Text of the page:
More pollution in taxis than on sidewalks

 作者:芮缔豚     |      日期:2019-03-02 02:07:01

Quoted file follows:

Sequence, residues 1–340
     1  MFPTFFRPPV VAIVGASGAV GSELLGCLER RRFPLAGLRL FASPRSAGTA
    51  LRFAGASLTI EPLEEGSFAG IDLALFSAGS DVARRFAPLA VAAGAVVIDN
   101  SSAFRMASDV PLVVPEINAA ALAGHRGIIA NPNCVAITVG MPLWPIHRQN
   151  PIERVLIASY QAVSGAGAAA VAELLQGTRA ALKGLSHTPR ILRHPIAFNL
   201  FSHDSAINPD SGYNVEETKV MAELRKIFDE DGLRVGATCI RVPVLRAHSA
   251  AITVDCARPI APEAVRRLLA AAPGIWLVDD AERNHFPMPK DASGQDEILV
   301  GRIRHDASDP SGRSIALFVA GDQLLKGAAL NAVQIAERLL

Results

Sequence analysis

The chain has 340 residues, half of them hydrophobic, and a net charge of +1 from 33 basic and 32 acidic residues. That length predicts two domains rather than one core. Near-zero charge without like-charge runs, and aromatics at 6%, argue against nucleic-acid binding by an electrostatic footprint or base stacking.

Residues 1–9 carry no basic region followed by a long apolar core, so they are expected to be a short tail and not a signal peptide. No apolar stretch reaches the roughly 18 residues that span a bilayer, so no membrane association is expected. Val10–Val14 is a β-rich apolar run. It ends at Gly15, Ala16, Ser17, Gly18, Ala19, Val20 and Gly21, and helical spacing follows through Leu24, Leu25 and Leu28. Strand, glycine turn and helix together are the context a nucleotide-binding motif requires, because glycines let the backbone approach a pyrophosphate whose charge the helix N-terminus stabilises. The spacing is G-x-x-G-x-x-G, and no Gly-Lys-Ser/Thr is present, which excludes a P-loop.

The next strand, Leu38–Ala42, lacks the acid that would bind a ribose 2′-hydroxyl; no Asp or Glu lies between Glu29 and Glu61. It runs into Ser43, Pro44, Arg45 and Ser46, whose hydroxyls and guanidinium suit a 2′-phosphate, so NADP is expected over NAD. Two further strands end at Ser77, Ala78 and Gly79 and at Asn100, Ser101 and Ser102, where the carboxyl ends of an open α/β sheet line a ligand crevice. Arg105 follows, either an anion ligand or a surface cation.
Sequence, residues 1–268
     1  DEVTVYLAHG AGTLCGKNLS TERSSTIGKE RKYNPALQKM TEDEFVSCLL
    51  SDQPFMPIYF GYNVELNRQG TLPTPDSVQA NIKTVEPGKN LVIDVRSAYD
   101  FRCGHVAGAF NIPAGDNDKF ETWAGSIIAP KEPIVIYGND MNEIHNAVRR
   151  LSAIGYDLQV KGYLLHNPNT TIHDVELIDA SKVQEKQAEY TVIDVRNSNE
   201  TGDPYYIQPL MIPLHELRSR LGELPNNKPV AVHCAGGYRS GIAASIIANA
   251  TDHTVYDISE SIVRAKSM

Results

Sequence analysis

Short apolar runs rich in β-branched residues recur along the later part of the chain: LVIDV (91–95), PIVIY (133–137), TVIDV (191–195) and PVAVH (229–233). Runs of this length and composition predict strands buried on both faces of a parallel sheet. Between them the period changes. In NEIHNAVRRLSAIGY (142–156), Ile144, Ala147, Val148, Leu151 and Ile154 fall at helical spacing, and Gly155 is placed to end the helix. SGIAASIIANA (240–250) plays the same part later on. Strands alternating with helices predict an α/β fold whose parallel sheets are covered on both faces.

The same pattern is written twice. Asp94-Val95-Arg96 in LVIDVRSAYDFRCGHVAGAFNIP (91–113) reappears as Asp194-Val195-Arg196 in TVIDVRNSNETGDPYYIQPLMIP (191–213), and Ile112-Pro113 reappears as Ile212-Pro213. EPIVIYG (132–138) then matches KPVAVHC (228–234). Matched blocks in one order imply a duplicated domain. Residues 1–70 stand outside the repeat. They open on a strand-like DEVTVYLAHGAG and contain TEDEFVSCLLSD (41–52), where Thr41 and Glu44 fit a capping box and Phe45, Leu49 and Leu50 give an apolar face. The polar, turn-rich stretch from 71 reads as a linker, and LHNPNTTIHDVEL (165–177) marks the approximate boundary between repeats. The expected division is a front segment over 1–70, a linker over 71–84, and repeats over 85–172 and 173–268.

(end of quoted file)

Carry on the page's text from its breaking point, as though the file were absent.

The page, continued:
By Kurt Kleiner The back seat of a taxi is one of the worst places to be for exposure to ultrafine particulate pollution, a new study has revealed. People on buses and those riding bikes are also exposed to a lot of the pollutant, while pedestrians and, ironically, those in private cars, are exposed to the least. Researchers from Imperial College London, UK, tracked exposure to fine particulate pollution second by second as volunteers travelled around a test area along a stretch of Marylebone Road, a busy street in the city. The researchers were interested in exposure to particles under 100 nanometres in diameter. Some studies suggest that ultrafine particles might pose an especially serious health hazard, and that brief exposures to high levels of particles might be more important than lower exposure over a longer period. To collect the data, the researchers equipped volunteers with portable particle detectors that recorded ultrafine particulate exposure once per second. Another volunteer followed with a video camera. Back at the lab, the video was synchronised with the particle record, allowing the researchers to see how exposure changed, for instance, while the volunteer was crossing an intersection on foot, or idling in traffic in a car. Overall, the heaviest exposure came from taking a cab, which exposed passengers to an average of 108,000 particles per cubic centimeter of air. The inside of a bus exposed them to 95,000 particles/cm3, but the inside of a private car exposed them to only 36,000 particles/cm3. Surbjit Kaur, the exposure analyst who led the research, says cabs might have such high exposures compared to cars because they are in use for so much of the day, or because they were recently used by a smoker. Cyclists, despite generating no pollution, inhale more than their fair share of it – 84,000 particles/cm3 – more than twice as much as the driver of a private car. At an average exposure of 46,000 particles/cm3, walkers seem relatively well off. However, simply crossing the street could cause particulate levels to spike at about 100,000 particles/cm3. Passing a cigarette smoker on the sidewalk was worse, though, driving levels up as high as 300,000 particles/cm3. The researchers did not calculate the cumulative exposure experienced by the volunteers during their journeys – the tests were designed to determine the differences between the different transport “microenvironments.” Journal reference: Atmospheric Environment (vol 40, p 386) More on these topics: